Kyle Barnett Feb. 23, 2015, 4:55pm


PENSACOLA – A former IRS tax examiner was indicted along with three others for filing false tax returns that resulted in a nearly $100,000 payout.

The U.S. Attorney’s Office for the Northern District of Florida said former IRS tax examiner Jimmie McCorvey was at the center of a ring intent on defrauding the Deepwater Horizon claims process.

McCorvey, who was an IRS employee at the time of the alleged crime, is allegedly responsible for filing false tax returns on behalf of Pensacola residents Rosa M. Bonner, Ariyanna S. Lampley and Marcia D. McCorvey, as well as himself and others. Prosecutors say the fake tax documents showed the accused suffered damages from the 2010 oil spill when in fact they had not.

According to a “fraud tally” on The State of the Gulf, a website set up by BP in the wake of the oil spill, the indictment of McCorvey and his alleged co-conspirators brings to 245 the number of people charged with swindling the oil spill settlement fund. Of that number, 180 people have been convicted of stealing more than $17 million in oil spill payments.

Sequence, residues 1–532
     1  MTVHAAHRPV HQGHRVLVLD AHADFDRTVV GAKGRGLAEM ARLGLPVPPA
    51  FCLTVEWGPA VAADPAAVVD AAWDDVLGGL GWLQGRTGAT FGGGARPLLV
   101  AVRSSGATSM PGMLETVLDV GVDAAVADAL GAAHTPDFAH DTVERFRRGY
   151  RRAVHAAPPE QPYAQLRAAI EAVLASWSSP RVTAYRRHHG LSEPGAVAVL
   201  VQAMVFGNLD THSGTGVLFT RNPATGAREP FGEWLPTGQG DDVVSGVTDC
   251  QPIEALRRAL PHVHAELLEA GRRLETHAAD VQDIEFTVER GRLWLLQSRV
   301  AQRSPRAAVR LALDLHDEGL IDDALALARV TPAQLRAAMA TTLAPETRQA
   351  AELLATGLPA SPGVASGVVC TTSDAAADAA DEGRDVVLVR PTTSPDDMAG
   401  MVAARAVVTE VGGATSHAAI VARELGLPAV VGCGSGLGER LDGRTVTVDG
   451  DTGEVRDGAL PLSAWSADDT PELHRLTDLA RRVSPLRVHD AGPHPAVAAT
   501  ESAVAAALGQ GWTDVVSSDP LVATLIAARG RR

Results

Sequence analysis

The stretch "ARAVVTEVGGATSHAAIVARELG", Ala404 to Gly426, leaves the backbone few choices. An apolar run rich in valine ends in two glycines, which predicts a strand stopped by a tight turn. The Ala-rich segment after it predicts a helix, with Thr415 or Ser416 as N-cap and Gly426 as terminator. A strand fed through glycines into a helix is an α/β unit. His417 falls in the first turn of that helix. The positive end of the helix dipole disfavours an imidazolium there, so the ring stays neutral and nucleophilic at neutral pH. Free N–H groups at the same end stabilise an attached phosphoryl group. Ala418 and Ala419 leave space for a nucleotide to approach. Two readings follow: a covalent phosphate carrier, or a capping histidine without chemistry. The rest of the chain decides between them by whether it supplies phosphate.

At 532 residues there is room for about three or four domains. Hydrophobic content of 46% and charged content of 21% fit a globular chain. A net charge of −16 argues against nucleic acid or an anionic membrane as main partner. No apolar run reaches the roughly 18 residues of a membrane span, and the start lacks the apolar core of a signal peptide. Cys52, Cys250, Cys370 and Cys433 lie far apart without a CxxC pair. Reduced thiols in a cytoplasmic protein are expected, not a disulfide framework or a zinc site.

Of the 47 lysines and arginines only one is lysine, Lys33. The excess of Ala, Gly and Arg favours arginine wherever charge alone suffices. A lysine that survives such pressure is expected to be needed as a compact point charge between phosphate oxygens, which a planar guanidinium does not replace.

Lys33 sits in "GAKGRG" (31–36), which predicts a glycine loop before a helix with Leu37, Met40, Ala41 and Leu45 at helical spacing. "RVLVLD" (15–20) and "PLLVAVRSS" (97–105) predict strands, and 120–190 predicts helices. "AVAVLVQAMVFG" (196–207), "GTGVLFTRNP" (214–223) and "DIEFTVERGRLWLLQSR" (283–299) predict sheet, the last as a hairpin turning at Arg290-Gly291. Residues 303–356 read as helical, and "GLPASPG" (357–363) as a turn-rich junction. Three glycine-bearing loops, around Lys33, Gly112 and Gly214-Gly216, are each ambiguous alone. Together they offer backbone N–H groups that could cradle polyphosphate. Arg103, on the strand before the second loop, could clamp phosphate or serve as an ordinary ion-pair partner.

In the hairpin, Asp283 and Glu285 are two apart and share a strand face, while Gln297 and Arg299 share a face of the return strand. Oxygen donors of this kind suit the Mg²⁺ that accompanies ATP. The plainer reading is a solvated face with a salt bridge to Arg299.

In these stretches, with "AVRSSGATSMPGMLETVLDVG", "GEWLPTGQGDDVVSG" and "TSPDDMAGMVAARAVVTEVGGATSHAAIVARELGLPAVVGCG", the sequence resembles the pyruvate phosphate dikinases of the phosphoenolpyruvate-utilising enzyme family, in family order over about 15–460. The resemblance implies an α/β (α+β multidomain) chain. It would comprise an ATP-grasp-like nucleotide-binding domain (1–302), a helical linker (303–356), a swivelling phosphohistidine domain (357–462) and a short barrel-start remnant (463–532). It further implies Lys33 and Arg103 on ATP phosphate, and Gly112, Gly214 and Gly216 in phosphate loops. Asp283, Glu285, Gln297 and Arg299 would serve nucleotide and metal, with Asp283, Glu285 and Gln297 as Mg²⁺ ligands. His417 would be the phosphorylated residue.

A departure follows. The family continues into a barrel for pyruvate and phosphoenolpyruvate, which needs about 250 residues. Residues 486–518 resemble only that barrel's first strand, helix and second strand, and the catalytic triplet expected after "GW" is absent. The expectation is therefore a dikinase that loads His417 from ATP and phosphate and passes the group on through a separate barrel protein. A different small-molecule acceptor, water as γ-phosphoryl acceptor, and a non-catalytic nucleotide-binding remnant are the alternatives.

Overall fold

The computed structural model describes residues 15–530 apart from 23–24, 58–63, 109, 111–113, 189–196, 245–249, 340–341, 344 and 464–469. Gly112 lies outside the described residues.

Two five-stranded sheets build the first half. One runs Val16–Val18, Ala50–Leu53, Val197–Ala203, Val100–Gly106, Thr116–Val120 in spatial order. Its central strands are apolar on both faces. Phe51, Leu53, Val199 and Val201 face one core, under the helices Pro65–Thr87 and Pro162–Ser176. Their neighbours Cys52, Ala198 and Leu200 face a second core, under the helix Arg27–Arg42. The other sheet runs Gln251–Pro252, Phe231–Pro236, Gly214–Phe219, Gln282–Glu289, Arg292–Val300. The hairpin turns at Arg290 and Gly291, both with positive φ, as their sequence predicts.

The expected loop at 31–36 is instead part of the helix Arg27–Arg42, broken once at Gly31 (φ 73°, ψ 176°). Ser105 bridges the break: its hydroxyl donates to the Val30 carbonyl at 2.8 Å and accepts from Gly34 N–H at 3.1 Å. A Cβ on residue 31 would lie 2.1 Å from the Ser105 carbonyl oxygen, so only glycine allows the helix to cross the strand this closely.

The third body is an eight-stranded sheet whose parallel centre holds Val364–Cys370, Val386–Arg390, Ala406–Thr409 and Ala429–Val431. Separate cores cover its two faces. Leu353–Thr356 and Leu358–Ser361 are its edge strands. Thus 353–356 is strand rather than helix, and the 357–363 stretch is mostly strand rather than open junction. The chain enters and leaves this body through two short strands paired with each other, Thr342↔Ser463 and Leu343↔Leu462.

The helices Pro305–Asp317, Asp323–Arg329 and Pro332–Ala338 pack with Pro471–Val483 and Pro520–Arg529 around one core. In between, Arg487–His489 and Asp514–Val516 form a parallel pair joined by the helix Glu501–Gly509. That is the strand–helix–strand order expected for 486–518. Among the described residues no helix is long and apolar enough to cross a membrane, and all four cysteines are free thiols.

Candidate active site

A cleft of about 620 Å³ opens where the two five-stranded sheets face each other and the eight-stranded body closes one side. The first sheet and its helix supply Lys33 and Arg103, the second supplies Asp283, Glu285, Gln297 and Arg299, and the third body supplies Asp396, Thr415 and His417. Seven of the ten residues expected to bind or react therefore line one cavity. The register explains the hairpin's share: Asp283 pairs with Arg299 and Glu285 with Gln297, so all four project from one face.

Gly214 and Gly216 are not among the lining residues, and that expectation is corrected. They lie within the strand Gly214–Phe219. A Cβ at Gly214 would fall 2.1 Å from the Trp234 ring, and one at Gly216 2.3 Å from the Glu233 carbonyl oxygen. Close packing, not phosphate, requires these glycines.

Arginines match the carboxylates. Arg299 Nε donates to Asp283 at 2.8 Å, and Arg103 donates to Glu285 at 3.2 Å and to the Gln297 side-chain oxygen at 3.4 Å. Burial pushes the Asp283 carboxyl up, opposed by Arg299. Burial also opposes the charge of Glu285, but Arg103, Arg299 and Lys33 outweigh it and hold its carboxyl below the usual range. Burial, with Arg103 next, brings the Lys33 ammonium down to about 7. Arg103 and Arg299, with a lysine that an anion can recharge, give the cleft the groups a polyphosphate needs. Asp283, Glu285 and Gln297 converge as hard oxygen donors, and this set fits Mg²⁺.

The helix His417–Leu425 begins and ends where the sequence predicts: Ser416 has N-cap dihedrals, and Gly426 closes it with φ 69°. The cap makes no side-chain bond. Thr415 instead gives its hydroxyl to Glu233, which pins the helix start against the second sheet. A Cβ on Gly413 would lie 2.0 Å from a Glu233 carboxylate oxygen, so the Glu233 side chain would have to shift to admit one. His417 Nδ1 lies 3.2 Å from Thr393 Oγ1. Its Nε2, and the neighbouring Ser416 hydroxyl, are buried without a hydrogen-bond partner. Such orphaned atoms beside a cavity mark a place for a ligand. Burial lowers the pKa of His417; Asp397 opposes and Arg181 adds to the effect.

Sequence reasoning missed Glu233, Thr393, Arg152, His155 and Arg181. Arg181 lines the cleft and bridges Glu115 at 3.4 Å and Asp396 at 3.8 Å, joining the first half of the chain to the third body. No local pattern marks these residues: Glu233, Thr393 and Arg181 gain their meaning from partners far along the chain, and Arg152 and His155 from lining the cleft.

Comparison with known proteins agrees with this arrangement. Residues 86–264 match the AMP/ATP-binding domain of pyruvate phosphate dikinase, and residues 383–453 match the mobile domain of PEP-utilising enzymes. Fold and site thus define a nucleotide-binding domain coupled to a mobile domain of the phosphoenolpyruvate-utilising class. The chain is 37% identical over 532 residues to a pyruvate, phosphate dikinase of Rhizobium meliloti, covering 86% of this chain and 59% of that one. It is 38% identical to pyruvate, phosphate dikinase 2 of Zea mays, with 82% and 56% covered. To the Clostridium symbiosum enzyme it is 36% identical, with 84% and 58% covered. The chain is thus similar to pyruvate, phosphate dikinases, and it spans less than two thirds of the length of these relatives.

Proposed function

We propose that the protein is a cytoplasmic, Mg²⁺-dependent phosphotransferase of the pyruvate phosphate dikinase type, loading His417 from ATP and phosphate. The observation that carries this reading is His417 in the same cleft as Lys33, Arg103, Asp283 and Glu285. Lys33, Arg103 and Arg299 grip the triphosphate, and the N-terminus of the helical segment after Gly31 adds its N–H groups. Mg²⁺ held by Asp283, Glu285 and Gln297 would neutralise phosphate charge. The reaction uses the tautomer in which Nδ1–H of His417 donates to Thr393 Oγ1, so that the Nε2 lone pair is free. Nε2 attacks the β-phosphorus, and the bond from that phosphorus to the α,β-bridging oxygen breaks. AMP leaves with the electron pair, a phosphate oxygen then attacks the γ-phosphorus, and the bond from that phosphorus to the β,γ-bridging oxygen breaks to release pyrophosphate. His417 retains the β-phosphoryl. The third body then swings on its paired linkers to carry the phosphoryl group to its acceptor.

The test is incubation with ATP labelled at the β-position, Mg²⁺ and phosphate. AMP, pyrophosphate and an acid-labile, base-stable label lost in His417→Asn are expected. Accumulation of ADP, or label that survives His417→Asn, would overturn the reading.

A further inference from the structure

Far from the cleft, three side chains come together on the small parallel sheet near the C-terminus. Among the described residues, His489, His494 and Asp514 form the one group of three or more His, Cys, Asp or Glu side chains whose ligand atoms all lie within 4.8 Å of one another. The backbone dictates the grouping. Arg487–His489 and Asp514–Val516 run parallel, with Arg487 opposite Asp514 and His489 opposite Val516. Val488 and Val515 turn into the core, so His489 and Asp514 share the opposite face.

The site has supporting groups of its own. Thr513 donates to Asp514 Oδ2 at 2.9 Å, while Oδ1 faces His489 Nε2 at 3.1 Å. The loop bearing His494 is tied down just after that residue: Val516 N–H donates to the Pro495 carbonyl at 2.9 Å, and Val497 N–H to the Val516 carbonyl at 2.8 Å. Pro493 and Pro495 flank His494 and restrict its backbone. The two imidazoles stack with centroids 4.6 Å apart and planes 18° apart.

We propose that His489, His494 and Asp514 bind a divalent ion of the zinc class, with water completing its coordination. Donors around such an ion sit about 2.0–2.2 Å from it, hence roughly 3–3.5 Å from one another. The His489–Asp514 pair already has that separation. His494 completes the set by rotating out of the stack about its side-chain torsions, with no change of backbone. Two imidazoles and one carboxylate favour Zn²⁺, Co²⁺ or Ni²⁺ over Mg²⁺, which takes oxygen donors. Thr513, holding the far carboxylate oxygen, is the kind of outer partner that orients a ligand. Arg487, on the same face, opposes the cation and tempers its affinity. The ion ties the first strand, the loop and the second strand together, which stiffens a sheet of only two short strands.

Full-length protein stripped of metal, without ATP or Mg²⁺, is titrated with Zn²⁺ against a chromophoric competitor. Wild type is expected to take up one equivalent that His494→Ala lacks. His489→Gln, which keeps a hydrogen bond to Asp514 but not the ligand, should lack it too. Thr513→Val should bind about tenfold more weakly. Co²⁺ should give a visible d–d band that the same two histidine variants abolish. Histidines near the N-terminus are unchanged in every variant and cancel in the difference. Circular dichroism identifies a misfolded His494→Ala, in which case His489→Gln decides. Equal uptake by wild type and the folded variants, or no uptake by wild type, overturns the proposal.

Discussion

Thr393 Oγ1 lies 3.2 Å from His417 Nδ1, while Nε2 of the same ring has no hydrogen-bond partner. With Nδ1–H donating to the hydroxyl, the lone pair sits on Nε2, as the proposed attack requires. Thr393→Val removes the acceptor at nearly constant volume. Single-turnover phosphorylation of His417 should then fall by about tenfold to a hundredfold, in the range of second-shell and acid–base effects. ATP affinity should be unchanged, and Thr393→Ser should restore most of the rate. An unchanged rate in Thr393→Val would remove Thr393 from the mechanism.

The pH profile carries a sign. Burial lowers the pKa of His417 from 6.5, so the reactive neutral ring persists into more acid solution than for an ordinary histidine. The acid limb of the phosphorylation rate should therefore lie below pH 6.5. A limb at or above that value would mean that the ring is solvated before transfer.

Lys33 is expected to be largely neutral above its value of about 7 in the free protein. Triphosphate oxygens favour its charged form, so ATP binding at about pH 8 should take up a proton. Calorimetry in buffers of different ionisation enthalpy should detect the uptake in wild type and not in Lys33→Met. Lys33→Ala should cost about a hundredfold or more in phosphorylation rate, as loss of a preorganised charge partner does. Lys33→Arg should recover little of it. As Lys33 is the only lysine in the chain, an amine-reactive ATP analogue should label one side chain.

BP has long maintained that the settlement process has been undermined by fraudulent activities that were not properly tracked and verified by those in charge of ensuring payments to claimants were legitimate.

McCorvey appears to have used a method of fraud that is increasingly common – using fake tax forms to justify damage claims but not actually filing those claims with the IRS. Federal prosecutors say it was through this method that McCorvey and his co-conspirators were able to defraud BP for a combined $95,200.

McCorvey is also under indictment in separate case for identity theft stemming from his filing of 25 fraudulent federal income tax returns from 2009 to 2011, which provided him with $62,200 in tax refunds.

A trial for the McCorvey and his co-defendants has been set for April.

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